Last week I was up in Connecticut for the grand opening reception for the Art Essex Gallery where nine of my oil paintings are hung in their inaugural exhibition. While there I did some painting right down on the water in East Haven, CT where the Farm river flows in to Long Island Sound. My old fried Bob Wetmore who I've known since elementary school days has a place right on the River. It's got amazing views. Above is Connecticut Shore, oil on panel, 8 x 16", 2012.
The view is looking due east with Long Island Sound's open waters off to your right. This Connecticut low country played a big role in American art history- for example the American Impressionist landscape painters who gathered in Old Lyme. But for me this is special territory more for the work John Frederick Kensett (American 1816- 1872) who created some of the most amazing paintings from the 19th century of the shoreline of Connecticut and neighboring Rhode Island.
When I first started looking seriously at landscape paintings, it was Kensett more than any other painter who convinced me that landscape painting could be as surprising and as radical as any other style of art. That's a conviction that has only grown in me as the years have gone by.
What inspired this oil was the morning mist that cast a cool veil over the far distance. One of my very first moves was to lay in a band of light bluish greys in the distant water and contrast that with some subtle yellows in the foreground ripples.
In truth the cool v.s. warm contrast from front to back wasn't as clear cut as I painted it. But I knew I needed a little extra chromatic drama. There was an elusive glow from the sunlight passing through the moisture laden air. It was delicious and the colors had to evoke that. This special quality to the light is the kind of phenomenon I believe you have to be there on the spot to experience it before you'll be able to paint it. A painter has to invent the chords of colors that create the feeling he has inside- if you stick to only hues that can literally be observed you're likely to miss the stir of emotion a really good scene provides. As Degas often observed, you have to tell little lies to get at the bigger truth with a painting. So it was here.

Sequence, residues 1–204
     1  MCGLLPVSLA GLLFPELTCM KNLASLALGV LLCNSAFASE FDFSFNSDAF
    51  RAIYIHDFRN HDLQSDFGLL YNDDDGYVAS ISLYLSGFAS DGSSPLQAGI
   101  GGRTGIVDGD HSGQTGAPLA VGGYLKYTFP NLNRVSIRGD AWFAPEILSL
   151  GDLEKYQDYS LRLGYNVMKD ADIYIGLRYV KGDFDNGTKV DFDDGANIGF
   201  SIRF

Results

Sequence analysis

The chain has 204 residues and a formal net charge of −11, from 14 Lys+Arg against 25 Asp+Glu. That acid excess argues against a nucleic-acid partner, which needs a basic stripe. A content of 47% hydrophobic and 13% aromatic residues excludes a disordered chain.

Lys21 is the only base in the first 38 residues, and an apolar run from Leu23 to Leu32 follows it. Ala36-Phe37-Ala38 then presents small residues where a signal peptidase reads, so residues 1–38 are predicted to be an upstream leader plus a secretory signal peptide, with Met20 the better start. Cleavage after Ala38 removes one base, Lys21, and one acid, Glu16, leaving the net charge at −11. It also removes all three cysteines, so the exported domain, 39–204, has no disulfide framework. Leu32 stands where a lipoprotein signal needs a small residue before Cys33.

While I was painting probably 30 different sailboats went by. I experimented will all sorts of placements for the boat, at one time having two sailboats gliding along together, but in the end I chose to underplay the boat in favor of the landscape and clouds. No one painting can be about everything.Here's the other painting from the week, Mouth of the River, oil on panel, 7 1/2 x 10", 2012. This is painted from the same vantage point as Connecticut Shore, but here I've turned to look toward the north. The Farm River is flowing southwards toward Long Island Sound behind us. It's very early morning and there's only the three sailboats moored in the river to keep us company. Again my eye was caught by the mist turning the distant peninsulas to silver grays.The sky in real life was absolutely cloudless and at first I painted it empty. But compared to all the stacking up overlapping planes in the painting's bottom half, it felt too low energy. So I invented some gradations and shapes to keep the bottom forms company.